It’s summer, and everyone’s thinking about one thing: the beach, and whether it’s time to turn the AC on. For us at CCA, thoughts of the beach come with what we’ll be reading. We polled our team to get a few ideas about what to read in our beach chairs—with our feet up, our sunscreen on, maybe a chilly beverage in hand. Here’s what they said.
Beth Mickalonis, ACD, Brand:
I’ve never been a big reader and I’ve certainly never read a book at the beach. So my best answer to what I’m doing on the beach if I’m not reading is: I’m swimming, tanning, playing in the sand with my kids, and taking photos.
Zan Strumfeld, Copywriter:
“Everything is Illuminated” by Jonathan Safran Foer. I may be 15 years behind its release date, but I finally picked it off my shelf and can’t put it down.
Alaina Borst, Production Designer:
I’m trying to finish “The Goldfinch” by Donna Tartt. I’m borrowing it and it’s huge and I want to get into it but I haven’t yet.
Ashley Previte, Senior Copywriter:
“The Complete Tales and Poems of Edgar Allan Poe.” It’s cool to see how my own life experience and perspective have added so much dimension to writing I read in middle school. Now that I’m older, and apparently creepier, I get it. Plus, the icy cold stylings of EAP are perfectly refreshing on a hot summer day.
Garrett Kipp, Graphic Designer:
“Our Revolution,” by Bernie Sanders. I chose to read this book to get more of a perspective on Bernie’s political career and his views over the past 50 years. Strangely enough, they are the same as they are today and are not a main point of the book. The book actually goes in-depth about how to convince people to vote in their own best interests, which, surprisingly, in this partisan day and age, can be quite a challenge.
Val Cook, Media Planner/Buyer:
“I can’t make this up: Life Lessons,” by Kevin Hart. I love his stand-up routines and am excited to read about his life experiences that got him where he is today. “The Art of Racing in the Rain,” by Garth Stein. This book was recommended to me by a fellow dog lover; it’s a story told through a dog’s perspective on life which is apparently funny at times and heart-wrenching at others. Probably one for a rainy day when I can ugly cry in the privacy of my own home but, regardless, it’s on my list.
SarahNicole Mahoney, VP, Account Services:
“One Hundred Years of Solitude,” by Gabriel Garcia Marquez. It is probably my 13th or 14th time reading this book. If you choose not to read this book you put in peril the potential of living a full-realized life. Ignore it at your own risk. Every word, every phrase is a gift:
“He pleaded so much that he lost his voice. His bones began to fill with words.”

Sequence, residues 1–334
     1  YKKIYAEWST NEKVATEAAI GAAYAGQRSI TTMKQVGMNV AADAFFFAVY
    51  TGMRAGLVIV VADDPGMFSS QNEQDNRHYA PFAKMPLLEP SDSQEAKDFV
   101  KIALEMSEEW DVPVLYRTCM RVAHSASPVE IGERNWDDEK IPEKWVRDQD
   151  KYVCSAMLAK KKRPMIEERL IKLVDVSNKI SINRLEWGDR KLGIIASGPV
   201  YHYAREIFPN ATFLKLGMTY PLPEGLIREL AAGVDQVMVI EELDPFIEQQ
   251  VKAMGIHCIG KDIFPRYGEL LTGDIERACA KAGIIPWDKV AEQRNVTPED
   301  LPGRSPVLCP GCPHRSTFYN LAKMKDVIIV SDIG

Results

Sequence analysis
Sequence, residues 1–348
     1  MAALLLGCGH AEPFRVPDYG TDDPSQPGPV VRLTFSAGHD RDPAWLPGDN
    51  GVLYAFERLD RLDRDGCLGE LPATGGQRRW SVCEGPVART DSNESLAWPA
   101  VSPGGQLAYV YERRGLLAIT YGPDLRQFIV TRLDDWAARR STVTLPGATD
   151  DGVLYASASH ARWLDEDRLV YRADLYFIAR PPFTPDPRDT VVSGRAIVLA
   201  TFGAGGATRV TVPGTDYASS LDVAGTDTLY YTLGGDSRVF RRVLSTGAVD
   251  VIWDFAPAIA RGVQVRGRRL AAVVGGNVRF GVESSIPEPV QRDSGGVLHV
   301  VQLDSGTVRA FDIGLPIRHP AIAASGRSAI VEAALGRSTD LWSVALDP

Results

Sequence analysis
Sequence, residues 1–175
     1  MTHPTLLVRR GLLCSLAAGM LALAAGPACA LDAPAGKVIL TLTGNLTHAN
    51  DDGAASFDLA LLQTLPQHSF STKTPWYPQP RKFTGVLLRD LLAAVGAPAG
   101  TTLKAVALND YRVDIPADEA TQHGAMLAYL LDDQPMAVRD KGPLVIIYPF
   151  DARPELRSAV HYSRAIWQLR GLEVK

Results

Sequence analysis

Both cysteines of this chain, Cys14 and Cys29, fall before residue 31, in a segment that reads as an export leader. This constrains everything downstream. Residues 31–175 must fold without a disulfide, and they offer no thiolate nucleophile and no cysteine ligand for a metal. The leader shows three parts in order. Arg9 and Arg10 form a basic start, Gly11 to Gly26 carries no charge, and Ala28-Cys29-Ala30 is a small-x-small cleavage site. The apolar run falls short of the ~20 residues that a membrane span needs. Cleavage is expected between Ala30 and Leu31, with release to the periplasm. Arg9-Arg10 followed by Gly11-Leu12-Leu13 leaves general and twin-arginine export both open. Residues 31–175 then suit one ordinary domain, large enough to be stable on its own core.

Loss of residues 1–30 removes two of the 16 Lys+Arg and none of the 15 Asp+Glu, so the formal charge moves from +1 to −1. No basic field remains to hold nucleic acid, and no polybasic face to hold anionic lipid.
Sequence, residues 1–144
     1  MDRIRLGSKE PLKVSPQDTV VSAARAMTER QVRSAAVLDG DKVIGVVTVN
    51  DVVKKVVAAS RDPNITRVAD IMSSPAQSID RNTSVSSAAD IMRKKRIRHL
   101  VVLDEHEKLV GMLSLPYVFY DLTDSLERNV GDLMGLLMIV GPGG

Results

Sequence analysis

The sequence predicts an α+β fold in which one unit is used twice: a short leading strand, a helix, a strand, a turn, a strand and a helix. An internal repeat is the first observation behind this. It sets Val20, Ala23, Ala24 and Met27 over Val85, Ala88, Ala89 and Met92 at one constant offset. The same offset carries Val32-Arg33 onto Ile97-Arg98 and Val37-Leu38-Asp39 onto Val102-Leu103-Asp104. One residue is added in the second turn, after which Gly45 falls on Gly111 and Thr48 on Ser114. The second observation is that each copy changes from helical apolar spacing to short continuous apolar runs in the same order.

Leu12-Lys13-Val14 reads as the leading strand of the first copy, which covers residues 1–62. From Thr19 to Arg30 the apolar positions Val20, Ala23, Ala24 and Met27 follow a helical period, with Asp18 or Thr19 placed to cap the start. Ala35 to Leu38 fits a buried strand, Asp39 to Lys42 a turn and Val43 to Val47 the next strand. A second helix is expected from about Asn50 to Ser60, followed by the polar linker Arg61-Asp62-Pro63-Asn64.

“Wherever they might be they always remember that the past was a lie, that memory has no return, that every spring gone by could never be recovered, and that the wildest and most tenacious love was an ephemeral truth in the end.”
“Many years later, as he faced the firing squad, Colonel Aureliano Buendía was to remember that distant afternoon when his father took him to discover ice…”
Brianna Snyder, Senior Copywriter:
I’m reading “Hunger” by Roxane Gay. Roxane is all of the light that shines in the world, especially on the beach.
Austin Powers, Account Executive:
I’m looking forward to finishing Bill Bryson’s “I’m a Stranger Here Myself: Notes on Returning to America After 20 Years Away” this weekend on my recently finished backyard beach. “I’m a Stranger…” is a fascinating/hilarious read on cultural reassimilation into the U.S., and all of the quirks that come with it (i.e. microwave pancakes, 24-hour dental-floss hotlines, and truly believing that ice is not a luxury item). A fantastic read by one of my favorite authors.
Rob DeLuke, VP, Chief Creative Officer:
“The Power of a Positive NO. Save the Deal, Save the Relationship, and Still Say NO,” by William Ury.
John McKenna, Director of Digital Strategy:
Ernest Cline’s “Ready Player One,” a 2011 dystopian science-fiction novel. Our friend Michelle read it and couldn’t put it down. My wife, Jenny, had the same reaction. Cool story and lots of references to late ’80s culture.
Lauren Herrington, Assoc. VP, Client Services:
“The Secret History,” by Donna Tartt, because Darcy told me it was amazing and I had to. Mine will be more like “front porch with the biggest glass of the pinot greeze as possible” read vs. the beach this summer, but it’ll do.
What are you reading this summer? You can tell us at your interview since we still have a few positions available. Check them out: